Let Us Now Praise Passionate Politics


German Lopez notes the reaction in some quarters to the recent shooting of a Texas deputy sheriff:

Despite any solid leads and facts about the motives in the shooting of 10-year deputy veteran Darren Goforth, some conservative media outlets and local law enforcement officials have already settled on the real culprit: Black Lives Matter.

….Fox News’s Elisabeth Hasselbeck later wondered aloud on air why Black Lives Matter isn’t considered a “hate group.” Bill O’Reilly was more blunt, concluding the movement was indeed a “hate group.”

….It’s not just Fox News — other reports painted narratives that put Black Lives Matter and police as inherently in conflict. A CNN report, for instance, described Black Lives Matter’s advocacy as “anti-police rhetoric.” What does it say about American society that advocating for black lives and ending racial disparities in the criminal justice system would qualify not as pro-equality but as anti-police?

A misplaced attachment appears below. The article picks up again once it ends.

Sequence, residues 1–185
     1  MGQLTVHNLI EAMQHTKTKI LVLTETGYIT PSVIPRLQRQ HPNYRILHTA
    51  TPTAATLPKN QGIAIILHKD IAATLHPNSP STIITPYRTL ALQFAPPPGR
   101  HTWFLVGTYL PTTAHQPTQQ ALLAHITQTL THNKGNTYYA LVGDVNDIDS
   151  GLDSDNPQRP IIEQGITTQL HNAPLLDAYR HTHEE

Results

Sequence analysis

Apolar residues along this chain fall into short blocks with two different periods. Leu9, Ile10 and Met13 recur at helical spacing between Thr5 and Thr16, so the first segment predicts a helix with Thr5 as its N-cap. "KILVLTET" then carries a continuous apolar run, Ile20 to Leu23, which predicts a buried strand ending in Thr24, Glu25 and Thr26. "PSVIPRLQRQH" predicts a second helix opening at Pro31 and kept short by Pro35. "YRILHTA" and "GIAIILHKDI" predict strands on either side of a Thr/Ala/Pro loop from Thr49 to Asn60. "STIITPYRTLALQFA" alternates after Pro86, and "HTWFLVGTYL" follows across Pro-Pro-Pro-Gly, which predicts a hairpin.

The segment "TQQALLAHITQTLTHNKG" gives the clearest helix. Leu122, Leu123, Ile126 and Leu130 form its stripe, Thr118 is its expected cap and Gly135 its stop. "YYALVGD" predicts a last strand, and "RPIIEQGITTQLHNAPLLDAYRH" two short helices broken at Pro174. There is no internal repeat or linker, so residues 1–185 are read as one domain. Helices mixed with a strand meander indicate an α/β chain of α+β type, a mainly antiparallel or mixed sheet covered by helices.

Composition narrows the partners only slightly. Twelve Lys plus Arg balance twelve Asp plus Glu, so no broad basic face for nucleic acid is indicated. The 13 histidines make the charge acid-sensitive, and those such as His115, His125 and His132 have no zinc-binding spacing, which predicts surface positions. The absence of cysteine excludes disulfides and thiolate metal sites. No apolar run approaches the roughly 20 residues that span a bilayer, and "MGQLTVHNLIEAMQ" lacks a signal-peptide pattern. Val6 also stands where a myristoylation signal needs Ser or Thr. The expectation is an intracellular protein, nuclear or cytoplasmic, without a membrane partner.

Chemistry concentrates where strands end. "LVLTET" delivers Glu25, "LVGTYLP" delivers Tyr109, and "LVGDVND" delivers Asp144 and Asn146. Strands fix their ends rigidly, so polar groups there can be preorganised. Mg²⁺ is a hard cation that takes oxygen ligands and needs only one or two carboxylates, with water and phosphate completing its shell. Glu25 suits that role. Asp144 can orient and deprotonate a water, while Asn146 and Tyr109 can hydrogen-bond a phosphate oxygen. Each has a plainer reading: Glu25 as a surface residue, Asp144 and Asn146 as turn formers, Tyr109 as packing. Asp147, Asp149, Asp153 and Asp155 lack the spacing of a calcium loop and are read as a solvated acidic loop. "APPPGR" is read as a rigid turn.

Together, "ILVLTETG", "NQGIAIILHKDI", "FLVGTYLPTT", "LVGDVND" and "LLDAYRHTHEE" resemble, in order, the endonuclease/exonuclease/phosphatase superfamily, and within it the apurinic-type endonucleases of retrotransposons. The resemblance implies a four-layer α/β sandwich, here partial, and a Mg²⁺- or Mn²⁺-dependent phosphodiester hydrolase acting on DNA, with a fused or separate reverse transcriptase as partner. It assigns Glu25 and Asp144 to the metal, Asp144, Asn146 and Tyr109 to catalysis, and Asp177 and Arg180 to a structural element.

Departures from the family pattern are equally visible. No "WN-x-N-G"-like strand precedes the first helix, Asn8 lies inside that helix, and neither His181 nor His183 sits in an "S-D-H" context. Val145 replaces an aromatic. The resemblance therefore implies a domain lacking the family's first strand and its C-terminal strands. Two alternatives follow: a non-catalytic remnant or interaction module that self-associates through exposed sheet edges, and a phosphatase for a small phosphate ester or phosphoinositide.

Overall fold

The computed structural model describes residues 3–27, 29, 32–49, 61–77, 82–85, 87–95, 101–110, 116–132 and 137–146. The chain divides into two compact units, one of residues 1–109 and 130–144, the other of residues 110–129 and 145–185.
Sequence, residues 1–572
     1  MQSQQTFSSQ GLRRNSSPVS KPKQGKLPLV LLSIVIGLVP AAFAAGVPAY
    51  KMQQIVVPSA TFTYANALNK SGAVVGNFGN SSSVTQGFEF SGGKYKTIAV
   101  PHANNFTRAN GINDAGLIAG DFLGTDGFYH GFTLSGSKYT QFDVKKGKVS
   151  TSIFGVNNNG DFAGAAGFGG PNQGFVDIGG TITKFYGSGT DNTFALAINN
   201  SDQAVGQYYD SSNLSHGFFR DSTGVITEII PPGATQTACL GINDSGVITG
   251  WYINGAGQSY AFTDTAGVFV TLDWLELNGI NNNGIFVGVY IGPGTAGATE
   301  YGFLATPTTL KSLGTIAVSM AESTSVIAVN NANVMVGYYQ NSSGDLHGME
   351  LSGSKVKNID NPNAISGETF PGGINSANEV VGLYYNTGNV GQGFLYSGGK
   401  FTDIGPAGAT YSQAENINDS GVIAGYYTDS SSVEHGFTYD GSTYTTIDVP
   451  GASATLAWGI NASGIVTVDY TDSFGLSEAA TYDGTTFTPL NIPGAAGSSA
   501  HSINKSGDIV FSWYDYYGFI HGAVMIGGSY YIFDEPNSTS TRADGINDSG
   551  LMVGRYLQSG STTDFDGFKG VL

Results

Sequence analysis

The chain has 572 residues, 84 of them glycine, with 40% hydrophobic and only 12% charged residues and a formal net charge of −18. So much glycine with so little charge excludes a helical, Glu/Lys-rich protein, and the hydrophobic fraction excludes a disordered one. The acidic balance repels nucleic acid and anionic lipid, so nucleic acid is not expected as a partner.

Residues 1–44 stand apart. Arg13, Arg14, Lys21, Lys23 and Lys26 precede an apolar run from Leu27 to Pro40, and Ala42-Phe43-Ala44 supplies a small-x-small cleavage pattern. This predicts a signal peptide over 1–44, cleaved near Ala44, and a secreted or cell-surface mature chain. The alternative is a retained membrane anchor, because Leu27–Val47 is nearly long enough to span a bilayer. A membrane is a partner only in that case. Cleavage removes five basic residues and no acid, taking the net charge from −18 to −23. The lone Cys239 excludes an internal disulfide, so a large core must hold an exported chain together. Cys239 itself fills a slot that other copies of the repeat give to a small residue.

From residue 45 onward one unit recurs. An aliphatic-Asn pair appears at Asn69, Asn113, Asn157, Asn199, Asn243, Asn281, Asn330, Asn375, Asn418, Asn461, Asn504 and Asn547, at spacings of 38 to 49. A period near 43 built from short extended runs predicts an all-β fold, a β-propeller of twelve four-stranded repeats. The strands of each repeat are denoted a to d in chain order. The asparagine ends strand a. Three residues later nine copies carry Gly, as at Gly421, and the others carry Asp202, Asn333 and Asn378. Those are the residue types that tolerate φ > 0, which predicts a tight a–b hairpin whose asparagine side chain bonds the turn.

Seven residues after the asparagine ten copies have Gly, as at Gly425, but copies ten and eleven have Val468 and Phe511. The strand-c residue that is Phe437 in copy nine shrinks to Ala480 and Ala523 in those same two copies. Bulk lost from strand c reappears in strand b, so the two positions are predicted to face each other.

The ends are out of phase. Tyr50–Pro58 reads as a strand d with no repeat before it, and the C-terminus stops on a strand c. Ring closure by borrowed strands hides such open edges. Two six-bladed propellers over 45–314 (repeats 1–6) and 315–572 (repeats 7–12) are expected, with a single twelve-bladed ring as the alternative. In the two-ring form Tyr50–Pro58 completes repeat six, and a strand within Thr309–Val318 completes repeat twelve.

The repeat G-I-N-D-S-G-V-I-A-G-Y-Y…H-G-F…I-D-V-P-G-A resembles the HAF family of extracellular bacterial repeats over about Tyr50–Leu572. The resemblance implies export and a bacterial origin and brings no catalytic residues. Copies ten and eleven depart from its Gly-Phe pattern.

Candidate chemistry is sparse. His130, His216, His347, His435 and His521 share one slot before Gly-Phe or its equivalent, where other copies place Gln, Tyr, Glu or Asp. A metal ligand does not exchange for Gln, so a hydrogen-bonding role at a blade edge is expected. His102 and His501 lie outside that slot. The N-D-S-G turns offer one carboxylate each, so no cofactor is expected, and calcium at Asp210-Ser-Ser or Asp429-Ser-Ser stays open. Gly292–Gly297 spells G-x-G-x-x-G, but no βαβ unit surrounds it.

It’s hardly a surprise to hear stuff like this. Nor is it limited to conservatives. Liberals frequently fault anti-abortion rhetoric when someone kills an abortion clinic worker or anti-government rhetoric when someone shoots up an IRS office.

That won’t stop, but it should. People and groups have to be free to condemn abortion or police misconduct or anything else—sometimes soberly, sometimes not. And it’s inevitable that this will occasionally inspire a maniac somewhere to resort to violence. There’s really no way around this. It’s obviously something for any decent person to keep in mind, but it doesn’t make passionate politics culpable for the ills of the world. We can’t allow the limits of our political spirit to be routinely dictated by the worst imaginable consequences.

This is no apology for obviously incendiary speech. If you get on your soapbox and tell your followers to kill the pigs or murder the child murderers, then you bear a share of blame for what happens next. That’s both common sense and legal reality.

But we also need common sense toward speech that’s less immediately incendiary but still fiery or angry—or both. After all, this is where change, liberal and conservative alike, comes from. It’s sadly inevitable that in a country of 300 million, even the minuscule fraction who turn that fear into a killing rampage amounts to a lot of people. But it’s neither a good reason to rein in our political vigor nor a good reason to blame passionate engagement in politics for every related tragedy. That way lies atrophy and rot.

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